Ask questions, get to know these topics, educate yourself and we're trying to create a safe space for these young girls to do it. So I hope that anyone listening today will join conversations on the platform.
Brooke: Thank you for listening to the Voice in Sport podcast. My name is Brooke Rodi, VIS creator and the producer of this week's episode. I run cross country and track and field at the Universityof Southern California while tracking my sleep, daily strain, and calories burned with my WHOOP band. If you enjoy hearing from Kristen Holmes and want the opportunity to talk to her more in depth, go to voiceinsport.com to sign up for aVISplan and sign up for one of her upcoming sessions.
As a WHOOP user myself, the partnership between WHOOP and Voice in Sport is a great first step in prioritizing women's health through a wearable device and providing services to young girls in sport. Go to voiceinsport.com/whoop to learn more about the partnership and follow us on Instagram @Voiceinsport
Now let's get back to the episode.
Stef: You mentioned recovery as something you guys are working on, but you know, I think that potentially you look at these stats when you're wearing the WHOOP band, I'm wearing mine right now, and you see that you're in the red and you know, maybe your strain is high. Athletes are not the best at the day off. So can we talk about , when it says you're in the red for recovery and there's so much power in taking a day off, we know that we hear this from the pro athletes all the time, but how do you, how do you take those metrics, and really make a conscious decision to take a day off.
And what if that doesn't align with like your team's training plan?
Kristen: Yeah. Yeah. It's, it's tough in a team setting and that's where we worked with a ton of teams though, who really do take those are using those data to really determine volume and intensity on an individual level. And I think if you had the luxury of, choosing schools that are actually having these conversations around, you know, menstrual cycle and understanding, that your capacity is going to different across the month and, and understanding what that looks like and then also kind of taking into account, your capacity to take on load because there's life happens, right?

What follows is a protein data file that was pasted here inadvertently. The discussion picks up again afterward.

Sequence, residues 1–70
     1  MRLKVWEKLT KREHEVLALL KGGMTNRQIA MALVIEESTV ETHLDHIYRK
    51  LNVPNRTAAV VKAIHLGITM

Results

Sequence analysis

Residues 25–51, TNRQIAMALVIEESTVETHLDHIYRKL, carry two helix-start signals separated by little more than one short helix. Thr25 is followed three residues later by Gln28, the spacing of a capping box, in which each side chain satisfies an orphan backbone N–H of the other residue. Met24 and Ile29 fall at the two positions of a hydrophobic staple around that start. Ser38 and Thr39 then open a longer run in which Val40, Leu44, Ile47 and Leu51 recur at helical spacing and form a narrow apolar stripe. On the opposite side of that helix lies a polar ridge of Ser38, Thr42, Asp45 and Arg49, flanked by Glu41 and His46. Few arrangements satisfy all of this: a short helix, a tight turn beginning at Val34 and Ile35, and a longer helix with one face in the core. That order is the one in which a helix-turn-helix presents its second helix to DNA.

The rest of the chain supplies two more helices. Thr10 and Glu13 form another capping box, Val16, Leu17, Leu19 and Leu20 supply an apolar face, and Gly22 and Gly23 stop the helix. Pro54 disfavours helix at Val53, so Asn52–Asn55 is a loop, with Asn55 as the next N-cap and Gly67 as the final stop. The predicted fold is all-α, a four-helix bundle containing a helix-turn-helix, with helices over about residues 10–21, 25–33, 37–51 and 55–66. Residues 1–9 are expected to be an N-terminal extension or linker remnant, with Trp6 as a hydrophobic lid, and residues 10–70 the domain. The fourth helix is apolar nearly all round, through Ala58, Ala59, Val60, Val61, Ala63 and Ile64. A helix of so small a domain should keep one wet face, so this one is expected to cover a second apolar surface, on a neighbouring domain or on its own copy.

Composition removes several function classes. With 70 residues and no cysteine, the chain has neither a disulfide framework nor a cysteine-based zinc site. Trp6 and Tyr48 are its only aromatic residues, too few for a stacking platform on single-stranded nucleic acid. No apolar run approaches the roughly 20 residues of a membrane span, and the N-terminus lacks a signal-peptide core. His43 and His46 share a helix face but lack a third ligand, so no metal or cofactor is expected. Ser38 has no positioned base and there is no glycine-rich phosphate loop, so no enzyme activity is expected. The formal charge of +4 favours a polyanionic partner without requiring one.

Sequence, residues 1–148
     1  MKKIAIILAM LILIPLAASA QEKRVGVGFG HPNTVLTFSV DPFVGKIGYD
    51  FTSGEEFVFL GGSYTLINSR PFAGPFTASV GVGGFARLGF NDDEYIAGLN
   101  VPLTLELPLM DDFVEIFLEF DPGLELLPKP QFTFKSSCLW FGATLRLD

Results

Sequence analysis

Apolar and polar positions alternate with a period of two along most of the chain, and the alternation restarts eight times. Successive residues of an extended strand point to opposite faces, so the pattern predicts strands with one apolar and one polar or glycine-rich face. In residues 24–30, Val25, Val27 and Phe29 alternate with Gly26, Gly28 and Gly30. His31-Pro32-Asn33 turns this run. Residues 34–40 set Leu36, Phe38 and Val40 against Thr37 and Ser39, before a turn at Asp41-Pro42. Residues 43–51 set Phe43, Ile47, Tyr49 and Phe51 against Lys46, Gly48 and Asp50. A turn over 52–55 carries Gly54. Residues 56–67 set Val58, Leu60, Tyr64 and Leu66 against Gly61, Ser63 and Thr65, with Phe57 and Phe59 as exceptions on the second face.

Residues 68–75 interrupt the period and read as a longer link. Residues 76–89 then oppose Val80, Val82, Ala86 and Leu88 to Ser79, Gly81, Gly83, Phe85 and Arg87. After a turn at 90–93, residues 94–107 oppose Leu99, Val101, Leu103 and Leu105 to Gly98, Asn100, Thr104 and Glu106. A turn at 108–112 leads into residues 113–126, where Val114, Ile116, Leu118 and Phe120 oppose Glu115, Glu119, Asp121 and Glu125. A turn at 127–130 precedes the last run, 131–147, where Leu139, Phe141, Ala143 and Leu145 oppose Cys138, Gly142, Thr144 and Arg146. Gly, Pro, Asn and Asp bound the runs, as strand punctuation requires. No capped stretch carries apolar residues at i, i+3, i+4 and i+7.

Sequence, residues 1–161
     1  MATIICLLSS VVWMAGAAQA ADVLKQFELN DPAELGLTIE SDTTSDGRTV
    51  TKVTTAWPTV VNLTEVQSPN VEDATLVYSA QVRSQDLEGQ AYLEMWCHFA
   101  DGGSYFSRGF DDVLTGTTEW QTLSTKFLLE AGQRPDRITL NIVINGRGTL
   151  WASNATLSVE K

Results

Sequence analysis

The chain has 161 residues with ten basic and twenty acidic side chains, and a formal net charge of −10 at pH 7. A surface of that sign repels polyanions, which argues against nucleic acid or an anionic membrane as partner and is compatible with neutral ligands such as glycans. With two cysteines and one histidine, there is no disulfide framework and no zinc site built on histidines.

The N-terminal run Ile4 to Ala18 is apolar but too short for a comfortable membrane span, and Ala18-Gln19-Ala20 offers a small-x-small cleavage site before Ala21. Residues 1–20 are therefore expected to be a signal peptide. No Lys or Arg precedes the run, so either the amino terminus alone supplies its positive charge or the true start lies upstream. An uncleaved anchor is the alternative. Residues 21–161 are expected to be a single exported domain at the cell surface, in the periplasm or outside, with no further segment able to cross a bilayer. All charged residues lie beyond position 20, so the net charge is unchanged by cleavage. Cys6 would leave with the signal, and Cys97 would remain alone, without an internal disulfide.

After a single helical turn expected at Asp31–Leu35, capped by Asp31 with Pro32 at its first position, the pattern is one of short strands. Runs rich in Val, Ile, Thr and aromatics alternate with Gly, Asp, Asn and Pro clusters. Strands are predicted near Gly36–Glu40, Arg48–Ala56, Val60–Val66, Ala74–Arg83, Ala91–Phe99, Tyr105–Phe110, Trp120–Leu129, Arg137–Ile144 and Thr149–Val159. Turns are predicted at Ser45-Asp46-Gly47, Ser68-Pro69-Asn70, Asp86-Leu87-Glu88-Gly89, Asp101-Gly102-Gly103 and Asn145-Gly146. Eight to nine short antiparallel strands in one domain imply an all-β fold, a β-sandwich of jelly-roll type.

And sometimes the external stress on your body becomes a lot. And sometimes you just need to take a break. And, and that can be just, you know, a day of just lower volume and intensity. Right. And what's, I think important to note is that, you know, one day in the red is not necessarily something you need to action.
It's really just, you know, a couple of days where, gosh, your body's just not adapting to external load. And, and not just training load, you know, this is just light flowed, right? It's the 24 hours of the day. Not just what's happening in training that you need to kind of consider. And that really is what WHOOP is measuring is, is kind of this 24 hours.
But I think it's just like a signal, you know, it's just to kind of stop and evaluate all right, what behaviors are serving me? You know, what behaviors might be preventing me from adapting to stress in a functional way. And I think that's really what I was trying to develop at Princeton was just, okay, , what are the actual things that we need to be thinking about?
Okay. It's hydration. So if we think about it from recovery behavior, sleep behavior and training behavior, if we kind of think about those three buckets and recovery, you've got kind of stress, stress management, all right. Am I going throughout the day? And am I incorporating breathwork and many like moments of mindfulness where I'm, you know, kind of buffering, you know, acute stress with like mini moments of rest, like that should be in everyone's practice.